Marketing those one-of-a-kind mutts! »
I’m pretty sure this translates to Bordercocker fire tail. One of the many unique “breeds” you’ll find at the Territorio de Zaguates shelter in Costa Rica.
Territorio de Zaguates found that while interest in adopting was up, many people didn’t want “mutts.” Agency Garnier BBDO took a new approach to this by marketing these mutts as new one-of-a-kind breeds!
See more pics of the pups and process here!
You know me, always on the ad beat! We’ve been following BBDO San Francisco’s awesome anti-puppymill ads for the SF SPCA and here’s possibly the best one yet. It’s a great mix of funny, educational, and macabre. How great is the dog’s depression face? Only second to the depression face every dog in a cone collar makes.
One guy in the comments on SF Egoist is like, “yeah but it’s not the puppies’ fault they were born in a puppy mill! They should get homes too!” Yeah, dummy, after the SPCA raids that mofo and takes all the mommies out of there. But really, of course all dogs deserve a home, truth is though that millions of dogs aren’t going to get one. The dogs in shelters deserve homes too and getting one there happens to fund rescue efforts instead of more animal torture and overpopulation. So, there’s that.
SF SPCA starts new campaign against puppymills and we like it! »
The SF SPCA has a new anti-puppymill campaign and it’s pretty cool so far, and they promise more cool stuff to come! They’ve partnered with ad agency BBDO to create this great fake puppymill ad. I know some nice BBDO people in their New York office; this is the same agency that ingeniously autocorrects monkeys out of their writers’ scripts.
This campaign was inspired by some sad discoveries the SF SPCA made:
A recent SF SPCA survey of San Francisco dog owners showed that buying online was the number-one place where people got their dogs. The survey showed that approximately 30 percent of puppies purchased in San Francisco are from puppy mills. 51 percent of those who purchased dogs online would not knowingly purchase from a puppy mill, yet 19 percent don’t know about puppy mills; hence the need for education.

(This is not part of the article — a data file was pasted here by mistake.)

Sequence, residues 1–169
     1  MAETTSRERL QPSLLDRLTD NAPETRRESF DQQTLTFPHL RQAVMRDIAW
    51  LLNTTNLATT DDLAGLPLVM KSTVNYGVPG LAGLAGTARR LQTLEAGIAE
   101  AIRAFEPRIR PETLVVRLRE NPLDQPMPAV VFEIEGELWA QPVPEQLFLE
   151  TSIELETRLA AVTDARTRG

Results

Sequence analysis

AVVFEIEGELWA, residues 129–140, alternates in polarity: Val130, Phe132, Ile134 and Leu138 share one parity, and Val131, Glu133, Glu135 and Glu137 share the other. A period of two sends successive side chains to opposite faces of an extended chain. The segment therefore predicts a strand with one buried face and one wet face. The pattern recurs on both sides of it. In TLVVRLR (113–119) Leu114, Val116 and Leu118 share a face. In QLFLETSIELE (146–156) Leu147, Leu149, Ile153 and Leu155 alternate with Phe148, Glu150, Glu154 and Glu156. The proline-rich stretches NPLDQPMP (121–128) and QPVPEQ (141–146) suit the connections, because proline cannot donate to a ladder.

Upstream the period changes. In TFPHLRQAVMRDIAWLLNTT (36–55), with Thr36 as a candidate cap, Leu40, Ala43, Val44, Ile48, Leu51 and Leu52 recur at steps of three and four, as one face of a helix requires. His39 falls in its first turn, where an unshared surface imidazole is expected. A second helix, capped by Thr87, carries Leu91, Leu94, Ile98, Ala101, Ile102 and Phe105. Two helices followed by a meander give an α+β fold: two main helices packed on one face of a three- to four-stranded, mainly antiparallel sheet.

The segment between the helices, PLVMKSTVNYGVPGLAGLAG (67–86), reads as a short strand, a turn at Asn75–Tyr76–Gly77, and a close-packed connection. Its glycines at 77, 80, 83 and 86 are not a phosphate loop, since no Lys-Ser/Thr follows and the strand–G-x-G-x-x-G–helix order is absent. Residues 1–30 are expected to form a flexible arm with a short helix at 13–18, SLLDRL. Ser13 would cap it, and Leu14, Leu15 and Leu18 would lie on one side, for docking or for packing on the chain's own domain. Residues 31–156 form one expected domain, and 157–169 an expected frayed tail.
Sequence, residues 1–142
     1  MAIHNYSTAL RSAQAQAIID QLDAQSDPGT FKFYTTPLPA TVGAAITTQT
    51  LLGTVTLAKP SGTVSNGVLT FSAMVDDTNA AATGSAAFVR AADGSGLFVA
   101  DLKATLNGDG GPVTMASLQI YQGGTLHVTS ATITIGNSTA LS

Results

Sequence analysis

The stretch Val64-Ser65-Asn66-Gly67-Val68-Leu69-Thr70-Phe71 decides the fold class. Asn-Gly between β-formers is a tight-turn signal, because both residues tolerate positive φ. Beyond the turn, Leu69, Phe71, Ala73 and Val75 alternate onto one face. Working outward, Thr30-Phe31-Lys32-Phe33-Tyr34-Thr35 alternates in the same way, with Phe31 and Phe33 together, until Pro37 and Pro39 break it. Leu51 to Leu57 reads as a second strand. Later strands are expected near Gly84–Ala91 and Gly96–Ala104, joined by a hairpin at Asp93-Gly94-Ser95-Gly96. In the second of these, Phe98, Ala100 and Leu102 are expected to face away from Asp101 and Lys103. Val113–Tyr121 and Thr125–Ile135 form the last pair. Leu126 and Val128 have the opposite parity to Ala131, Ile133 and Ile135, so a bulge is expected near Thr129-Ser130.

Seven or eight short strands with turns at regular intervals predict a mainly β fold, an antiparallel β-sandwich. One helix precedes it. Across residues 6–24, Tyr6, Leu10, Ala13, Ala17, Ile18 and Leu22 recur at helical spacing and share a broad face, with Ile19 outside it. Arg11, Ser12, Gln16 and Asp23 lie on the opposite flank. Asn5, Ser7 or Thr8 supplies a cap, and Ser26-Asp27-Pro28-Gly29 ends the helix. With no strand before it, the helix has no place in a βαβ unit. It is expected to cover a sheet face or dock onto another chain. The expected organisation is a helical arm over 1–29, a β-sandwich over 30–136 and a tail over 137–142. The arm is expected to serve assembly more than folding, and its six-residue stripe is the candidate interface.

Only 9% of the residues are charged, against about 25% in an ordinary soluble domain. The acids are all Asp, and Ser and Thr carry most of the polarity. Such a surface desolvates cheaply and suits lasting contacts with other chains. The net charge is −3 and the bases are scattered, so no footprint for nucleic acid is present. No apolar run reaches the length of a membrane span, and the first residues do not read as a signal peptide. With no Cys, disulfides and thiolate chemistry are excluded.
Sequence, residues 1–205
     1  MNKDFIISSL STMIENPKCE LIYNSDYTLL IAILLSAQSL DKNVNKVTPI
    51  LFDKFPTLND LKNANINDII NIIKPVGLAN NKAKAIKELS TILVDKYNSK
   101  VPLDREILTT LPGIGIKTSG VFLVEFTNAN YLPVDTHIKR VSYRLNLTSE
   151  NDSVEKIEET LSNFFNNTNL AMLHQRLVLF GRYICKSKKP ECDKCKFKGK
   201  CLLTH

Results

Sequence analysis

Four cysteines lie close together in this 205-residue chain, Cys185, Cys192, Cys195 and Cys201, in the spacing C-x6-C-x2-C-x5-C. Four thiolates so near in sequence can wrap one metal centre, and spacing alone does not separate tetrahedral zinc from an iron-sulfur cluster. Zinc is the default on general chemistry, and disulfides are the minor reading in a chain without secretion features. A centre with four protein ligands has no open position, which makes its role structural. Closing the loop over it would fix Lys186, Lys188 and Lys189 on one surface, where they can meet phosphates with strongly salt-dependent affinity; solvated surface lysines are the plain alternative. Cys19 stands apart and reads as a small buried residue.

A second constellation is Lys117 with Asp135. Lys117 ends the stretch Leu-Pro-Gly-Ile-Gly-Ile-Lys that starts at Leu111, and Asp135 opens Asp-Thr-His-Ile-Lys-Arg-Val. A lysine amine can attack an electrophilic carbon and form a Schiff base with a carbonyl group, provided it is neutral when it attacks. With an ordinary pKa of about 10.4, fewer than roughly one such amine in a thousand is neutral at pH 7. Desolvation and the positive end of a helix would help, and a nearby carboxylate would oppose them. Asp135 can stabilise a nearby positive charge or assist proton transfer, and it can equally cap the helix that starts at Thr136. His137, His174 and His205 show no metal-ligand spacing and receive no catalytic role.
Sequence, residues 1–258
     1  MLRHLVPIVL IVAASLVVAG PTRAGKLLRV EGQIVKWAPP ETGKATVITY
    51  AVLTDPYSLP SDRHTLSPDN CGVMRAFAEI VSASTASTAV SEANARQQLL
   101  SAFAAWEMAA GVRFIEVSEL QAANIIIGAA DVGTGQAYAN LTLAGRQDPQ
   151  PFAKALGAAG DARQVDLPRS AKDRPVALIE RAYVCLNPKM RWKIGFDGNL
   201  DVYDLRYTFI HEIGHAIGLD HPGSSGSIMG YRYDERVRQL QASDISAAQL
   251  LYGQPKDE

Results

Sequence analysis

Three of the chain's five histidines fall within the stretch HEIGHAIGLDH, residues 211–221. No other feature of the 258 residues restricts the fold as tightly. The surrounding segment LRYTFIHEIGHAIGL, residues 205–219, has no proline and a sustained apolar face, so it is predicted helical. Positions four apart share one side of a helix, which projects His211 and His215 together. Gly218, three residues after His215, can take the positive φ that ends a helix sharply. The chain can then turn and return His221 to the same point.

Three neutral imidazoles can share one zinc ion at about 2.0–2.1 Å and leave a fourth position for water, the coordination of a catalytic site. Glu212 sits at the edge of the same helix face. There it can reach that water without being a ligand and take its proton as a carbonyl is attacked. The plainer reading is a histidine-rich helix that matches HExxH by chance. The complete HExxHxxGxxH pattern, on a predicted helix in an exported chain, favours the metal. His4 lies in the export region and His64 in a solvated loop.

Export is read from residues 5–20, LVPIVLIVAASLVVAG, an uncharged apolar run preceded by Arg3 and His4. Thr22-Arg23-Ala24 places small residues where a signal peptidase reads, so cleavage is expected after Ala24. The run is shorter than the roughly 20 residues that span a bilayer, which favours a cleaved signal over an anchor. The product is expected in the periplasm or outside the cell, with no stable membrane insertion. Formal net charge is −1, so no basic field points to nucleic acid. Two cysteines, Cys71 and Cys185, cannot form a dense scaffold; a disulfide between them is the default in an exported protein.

Jeez louise. Puppymills are so depressing. I’m worried my Figgy came from a one but I have no idea. He was a purebred-looking stray in Pennsylvania—home of the Amish puppymill industry. As you probably know, if they don’t sell them as puppies, puppymills have no use for male dogs. The females can be turned into baby-machines, but the boys? Why spend effort and money taking care of bunch of male dogs you brought into the world when one or two can impregnate all the girl dogs on their own? They usually just kill the extra males (and we’re not talking euthanasia!), but maybe Fig broke free and set out on his own. Totally Fivel of him.
Ad agency is totally awesome, auto-corrects monkeys out of scripts! »
The agency has installed an auto-correct function on all office computers that detects whenever words like “monkey” or “ape” or “chimpanzee” are typed. This sentence then appears automatically: “…who was taken from his mother when only weeks old to act in front of the camera. During his training, the ape will be kicked, punched, and beaten to perform what you are just about to write. Don’t let it happen.” The note then links to NoMonkeyBusinessOn.tv.
I’m glad some agencies take animal “actors” more seriously than that Chrysler commercial with the invisible monkey “fix.” As the article points out, BBDO has used plenty of monkey “actors” in the past but so what, I used to eat bacon! We all did stuff in the past! It ain’t where you’re from, it’s where you’re at.
Sorry for all the quotation marks but I just can’t actually call an animal an actor. The idea is just so ridiculous. Quotation marks are fun, anyway. I like to add extra when I’m emailing—just to keep everyone on their toes! You should try it! Just ask people how their “mom” is or how that “job” is going. People really like it!